Fishing in the sea resumed at midnight yesterday (23 July) after a 65-day ban drew to an end, with fishermen hoping they will be able to catch fish as per their expectations.
The fishermen were found busy preparing fishing nets and repairing trawlers at various ghats on the banks of the Karnaphuli in Chattogram. Some were carrying fishing equipment, supplies and food items in trawlers.
Marine Fisheries Department Inspector Md Manzur Alam said that in order to increase the breeding and production of fish in the sea, fishing of all species, including hilsa, had been banned from 19 May to 23 July. In compensation, fishermen were given rice at the time of the ban.
Besides, catching jatka (hilsa less than 9 inches) was prohibited from 1 November to 30 June.
As fishing was stopped for at least ten months of the year, hilsa and other varieties of fish managed to grow in the sea, a factor that will benefit the country's fisheries sector.
Rahmat Majhi, a fisherman from Banshkhali area, said, "When fishing in the sea was stopped, I had to borrow money to run my family. There are 20 fishermen in our fishing trawler and all are ready to go fishing."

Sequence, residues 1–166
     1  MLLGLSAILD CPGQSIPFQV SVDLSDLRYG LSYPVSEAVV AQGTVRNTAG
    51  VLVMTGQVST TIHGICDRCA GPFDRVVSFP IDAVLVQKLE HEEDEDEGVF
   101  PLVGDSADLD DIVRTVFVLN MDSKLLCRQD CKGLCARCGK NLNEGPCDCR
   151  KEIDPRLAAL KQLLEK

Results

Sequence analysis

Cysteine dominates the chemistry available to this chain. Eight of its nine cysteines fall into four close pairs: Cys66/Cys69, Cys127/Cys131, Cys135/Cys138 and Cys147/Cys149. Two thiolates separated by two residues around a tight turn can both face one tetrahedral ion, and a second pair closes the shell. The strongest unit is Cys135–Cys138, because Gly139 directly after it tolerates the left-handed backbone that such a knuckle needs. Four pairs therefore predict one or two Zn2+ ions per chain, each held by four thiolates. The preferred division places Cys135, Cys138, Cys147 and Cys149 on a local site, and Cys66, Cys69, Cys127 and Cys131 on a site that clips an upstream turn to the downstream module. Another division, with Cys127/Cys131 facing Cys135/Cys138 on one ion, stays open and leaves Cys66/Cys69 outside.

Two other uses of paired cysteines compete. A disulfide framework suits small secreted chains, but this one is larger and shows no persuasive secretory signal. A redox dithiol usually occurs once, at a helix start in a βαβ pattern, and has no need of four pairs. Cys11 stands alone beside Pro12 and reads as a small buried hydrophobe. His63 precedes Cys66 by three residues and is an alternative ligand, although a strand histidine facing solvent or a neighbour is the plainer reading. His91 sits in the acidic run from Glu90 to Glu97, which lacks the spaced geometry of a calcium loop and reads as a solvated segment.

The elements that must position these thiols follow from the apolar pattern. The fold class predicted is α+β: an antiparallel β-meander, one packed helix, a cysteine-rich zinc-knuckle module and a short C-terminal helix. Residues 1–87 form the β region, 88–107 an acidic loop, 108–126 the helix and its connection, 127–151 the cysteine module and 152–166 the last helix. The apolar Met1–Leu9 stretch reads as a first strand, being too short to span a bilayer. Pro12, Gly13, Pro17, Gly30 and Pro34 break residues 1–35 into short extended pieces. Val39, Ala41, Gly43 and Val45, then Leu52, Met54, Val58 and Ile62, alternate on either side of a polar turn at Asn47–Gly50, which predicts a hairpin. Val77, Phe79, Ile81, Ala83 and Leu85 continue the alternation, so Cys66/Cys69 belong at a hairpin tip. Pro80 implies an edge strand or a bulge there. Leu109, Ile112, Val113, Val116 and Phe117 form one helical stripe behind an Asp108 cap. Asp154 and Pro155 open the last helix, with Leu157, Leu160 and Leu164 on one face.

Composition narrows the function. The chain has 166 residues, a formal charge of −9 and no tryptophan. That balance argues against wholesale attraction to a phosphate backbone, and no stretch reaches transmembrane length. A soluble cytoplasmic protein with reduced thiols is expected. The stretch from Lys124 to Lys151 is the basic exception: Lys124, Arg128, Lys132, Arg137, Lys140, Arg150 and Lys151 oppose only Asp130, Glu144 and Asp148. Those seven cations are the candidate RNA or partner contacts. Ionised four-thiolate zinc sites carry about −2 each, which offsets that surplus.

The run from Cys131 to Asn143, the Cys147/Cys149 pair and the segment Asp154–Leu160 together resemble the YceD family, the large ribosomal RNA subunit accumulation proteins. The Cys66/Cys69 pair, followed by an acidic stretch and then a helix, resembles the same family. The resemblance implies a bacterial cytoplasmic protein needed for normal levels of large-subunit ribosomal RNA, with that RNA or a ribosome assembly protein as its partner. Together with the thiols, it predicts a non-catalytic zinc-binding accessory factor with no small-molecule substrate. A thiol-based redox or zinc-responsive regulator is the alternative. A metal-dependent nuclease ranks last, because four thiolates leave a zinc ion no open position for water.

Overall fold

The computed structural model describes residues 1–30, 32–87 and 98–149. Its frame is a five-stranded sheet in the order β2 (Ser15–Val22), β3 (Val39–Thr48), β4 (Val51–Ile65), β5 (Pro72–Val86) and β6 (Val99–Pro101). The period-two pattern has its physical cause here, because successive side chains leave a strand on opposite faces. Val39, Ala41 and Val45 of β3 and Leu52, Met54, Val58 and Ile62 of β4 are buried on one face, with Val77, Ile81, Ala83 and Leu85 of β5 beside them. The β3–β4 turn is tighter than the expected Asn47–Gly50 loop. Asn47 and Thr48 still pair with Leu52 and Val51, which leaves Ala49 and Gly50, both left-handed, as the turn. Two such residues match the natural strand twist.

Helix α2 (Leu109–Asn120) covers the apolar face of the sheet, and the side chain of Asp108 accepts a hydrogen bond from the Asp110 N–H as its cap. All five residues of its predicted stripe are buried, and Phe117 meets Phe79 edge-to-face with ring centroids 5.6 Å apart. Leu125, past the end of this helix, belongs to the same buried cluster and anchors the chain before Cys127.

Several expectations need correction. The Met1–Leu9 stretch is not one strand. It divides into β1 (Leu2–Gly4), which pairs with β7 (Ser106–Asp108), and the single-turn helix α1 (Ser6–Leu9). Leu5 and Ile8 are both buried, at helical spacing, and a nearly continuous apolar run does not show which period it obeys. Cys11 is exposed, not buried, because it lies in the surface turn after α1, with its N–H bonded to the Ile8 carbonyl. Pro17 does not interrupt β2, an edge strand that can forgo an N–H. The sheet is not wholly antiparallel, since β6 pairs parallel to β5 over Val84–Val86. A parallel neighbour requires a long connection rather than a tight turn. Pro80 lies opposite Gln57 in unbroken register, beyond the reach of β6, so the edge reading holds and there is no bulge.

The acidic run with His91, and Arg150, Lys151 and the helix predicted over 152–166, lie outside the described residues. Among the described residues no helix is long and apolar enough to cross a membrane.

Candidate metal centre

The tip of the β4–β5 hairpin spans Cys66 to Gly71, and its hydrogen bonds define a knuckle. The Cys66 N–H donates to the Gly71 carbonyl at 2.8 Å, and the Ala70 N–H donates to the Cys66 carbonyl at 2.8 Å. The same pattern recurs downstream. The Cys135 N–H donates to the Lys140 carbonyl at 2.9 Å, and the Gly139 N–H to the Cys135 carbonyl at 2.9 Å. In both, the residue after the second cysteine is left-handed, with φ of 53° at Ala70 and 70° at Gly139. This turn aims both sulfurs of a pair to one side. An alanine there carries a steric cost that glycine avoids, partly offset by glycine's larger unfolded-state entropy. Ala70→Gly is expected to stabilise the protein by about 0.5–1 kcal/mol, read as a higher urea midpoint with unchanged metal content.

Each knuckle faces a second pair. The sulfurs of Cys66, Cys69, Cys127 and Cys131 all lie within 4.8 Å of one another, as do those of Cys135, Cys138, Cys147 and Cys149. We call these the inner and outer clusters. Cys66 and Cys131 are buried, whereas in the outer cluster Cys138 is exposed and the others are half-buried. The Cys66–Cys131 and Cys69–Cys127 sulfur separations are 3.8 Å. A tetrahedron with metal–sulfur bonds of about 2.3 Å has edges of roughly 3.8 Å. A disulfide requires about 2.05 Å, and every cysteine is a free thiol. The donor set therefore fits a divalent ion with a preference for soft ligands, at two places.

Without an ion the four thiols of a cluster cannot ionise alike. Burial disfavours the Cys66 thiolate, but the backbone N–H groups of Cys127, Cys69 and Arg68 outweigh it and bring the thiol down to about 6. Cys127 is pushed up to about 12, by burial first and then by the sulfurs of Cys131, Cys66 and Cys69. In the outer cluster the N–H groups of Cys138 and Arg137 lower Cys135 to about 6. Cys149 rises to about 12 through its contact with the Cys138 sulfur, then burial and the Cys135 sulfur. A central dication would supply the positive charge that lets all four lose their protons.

Another fisherman Chandan Das said, "I have been making a living by fishing in the sea for 20 years but I always comply with rules and do not go fishing when it is banned. I hope we can make up for the loss if I net the desired quantity of fish."
Along with fishing in the sea, fishermen are hoping to catch big hilsa in the Padma and the Meghna this time. The fish in the sanctuaries of these two rivers have become quite large due to the ban on fishing for a long time.
Sumon Barua, deputy director of the Department of Marine Fisheries, said, "After a comparative analysis of past years, we expect that about six lakh tonnes of hilsa will be caught this year. Ten years ago, hilsa could be found in the rivers of 21 upazilas but at present, hilsa is found in 125-130 upazilas. At present, there are hilsa sanctuaries in the country covering an area of about 7,000 square kilometres.
According to the Department of Marine Fisheries, there are 2,98,595 registered fishermen and labourers, 30 commercial trawlers, 32,000 automatic fishing vessels and 34,000 manual vessels all over the country.
In the financial year 2007-08, the production of hilsa in the country was only 2,90,000 tonnes.
In 2018-19, it increased to 5,17,000 tonnes, which figure further rose to 5,33,000 in 2019-20.
In other words, in the last 11 years, the production of hilsa in the country has increased by about 84%.
Even three years ago, 65% of the total hilsa caught in the world was fished in Bangladesh. The figure has been 85% since last year.